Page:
Once upon a time (hey, that’s how any good fairy tale starts), the Navy designed ships in-house. They debated needs and requirements, collected opinions from the fleet, settled on specifications, and drew up designs. The designs were then offered to industry to bid on the actual construction. Along the way, the Navy’s in-house experts monitored the progress of construction, compared the product to the specifications, and eventually passed judgment on whether the product quality was acceptable. Because of the in-house knowledge and expertise, the Navy knew exactly how the ship should be built, what materials were appropriate, and how the ship would perform. There were two groups largely responsible for this approach to ship procurement: the General Board and BuShips.
The General Board of the Navy was established as an advisory group in 1900 and disbanded in 1951 by order of then CNO Forrest Sherman. The board consisted of senior admirals and others, often near the end of their careers or retired who had a wealth of experience, relatively little politicking left to do, and sufficient time to consider issues facing the Navy. While they were tasked with contemplation of any issue brought before them, their greatest value lay in the guidance and direction they provided for the Navy’s shipbuilding programs. Anyone who has read any of Norman Friedman’s series on the design history of the various classes of ships will be well familiar with the role the General Board played in evaluating the various ship design proposals and then establishing the final requirements. It is worthwhile to note that the General Board was abolished by the office of the CNO which viewed the Board as a threat to the CNO’s power.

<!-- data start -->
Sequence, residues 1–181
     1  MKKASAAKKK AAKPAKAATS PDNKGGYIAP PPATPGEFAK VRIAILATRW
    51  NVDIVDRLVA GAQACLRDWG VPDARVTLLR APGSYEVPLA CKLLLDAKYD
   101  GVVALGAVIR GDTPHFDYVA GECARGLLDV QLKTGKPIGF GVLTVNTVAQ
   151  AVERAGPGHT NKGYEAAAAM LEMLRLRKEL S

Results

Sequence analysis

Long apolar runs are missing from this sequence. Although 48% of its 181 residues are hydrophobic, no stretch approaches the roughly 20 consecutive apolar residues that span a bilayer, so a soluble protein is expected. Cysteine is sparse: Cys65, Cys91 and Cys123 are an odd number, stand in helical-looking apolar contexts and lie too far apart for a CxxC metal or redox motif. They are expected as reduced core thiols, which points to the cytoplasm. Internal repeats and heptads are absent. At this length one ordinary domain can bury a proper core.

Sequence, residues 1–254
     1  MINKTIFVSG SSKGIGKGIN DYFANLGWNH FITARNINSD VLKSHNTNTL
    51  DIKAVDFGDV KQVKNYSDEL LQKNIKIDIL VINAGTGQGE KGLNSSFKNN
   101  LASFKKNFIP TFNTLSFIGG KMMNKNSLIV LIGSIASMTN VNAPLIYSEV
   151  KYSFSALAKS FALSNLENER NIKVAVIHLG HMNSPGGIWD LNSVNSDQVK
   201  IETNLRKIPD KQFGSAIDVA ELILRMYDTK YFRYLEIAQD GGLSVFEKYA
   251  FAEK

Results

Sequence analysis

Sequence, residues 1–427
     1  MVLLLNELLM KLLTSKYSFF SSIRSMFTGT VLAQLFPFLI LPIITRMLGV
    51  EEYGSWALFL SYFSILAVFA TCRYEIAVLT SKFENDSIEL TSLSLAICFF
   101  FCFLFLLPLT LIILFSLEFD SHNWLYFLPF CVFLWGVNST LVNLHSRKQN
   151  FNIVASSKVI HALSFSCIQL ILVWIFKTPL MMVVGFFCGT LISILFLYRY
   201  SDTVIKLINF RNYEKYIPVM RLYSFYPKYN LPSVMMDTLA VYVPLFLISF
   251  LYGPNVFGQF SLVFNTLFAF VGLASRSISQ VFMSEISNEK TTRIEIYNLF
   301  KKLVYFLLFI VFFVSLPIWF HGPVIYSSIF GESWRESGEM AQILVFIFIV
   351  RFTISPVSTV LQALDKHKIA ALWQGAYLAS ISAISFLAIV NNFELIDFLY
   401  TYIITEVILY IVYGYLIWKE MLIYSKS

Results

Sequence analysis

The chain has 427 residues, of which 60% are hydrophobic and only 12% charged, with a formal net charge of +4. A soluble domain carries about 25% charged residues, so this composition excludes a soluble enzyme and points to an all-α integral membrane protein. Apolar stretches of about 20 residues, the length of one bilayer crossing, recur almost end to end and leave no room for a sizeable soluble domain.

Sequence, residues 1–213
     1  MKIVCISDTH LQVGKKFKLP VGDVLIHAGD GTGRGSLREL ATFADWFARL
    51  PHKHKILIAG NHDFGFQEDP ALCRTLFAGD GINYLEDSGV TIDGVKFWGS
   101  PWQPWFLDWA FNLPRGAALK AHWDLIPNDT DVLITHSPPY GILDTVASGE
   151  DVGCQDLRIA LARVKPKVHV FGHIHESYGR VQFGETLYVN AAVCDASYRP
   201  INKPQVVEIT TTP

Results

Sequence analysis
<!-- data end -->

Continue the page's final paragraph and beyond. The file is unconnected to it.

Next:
|The General Board - The Navy's Best Hope?|
The Navy’s Bureau of Ships (BuShips) was established by Congress in 1940 and consolidated the Bureau of Construction and Repair and the Bureau of Engineering. The Bureau was responsible for the design, construction, procurement, maintenance, and repair of ships as well as establishing relevant specifications for materials, fuel, etc. BuShips was eliminated by order of the Dept. of Defense in 1966 as part of a general reorganization of the Navy and was replaced by what is now known as the Naval Sea Systems Command (NAVSEA).
Beginning somewhere around the time of the Spruance class procurement, the Navy decided to farm out its design responsibilities to industry. The Spruance was the result of a general set of wishes provided to industry with industry allowed to design the ship. On the plus side, the Navy hoped that this would lead to more unconventional designs and cost savings. On the minus side, there was no guarantee that any of the industry designs would turn out to be acceptable. As it happened with the Spruance, a fairly good design did result. Also on the minus side was the loss of ship design expertise and familiarity with the specifics of the design. Thus, the Navy no longer had in-house experts who could evaluate a design and recognize good from bad. Further, the Navy had no person or group intimately familiar with the details of a given ship class’ design. The Navy would have to depend on industry to understand the details – the Navy knowingly and willingly abandoned the concept of attention-to-detail. This trend of farming out design responsibilities to industry has continued to this day and has given us the LCS, LPD, DDG-1000, and other notable failures.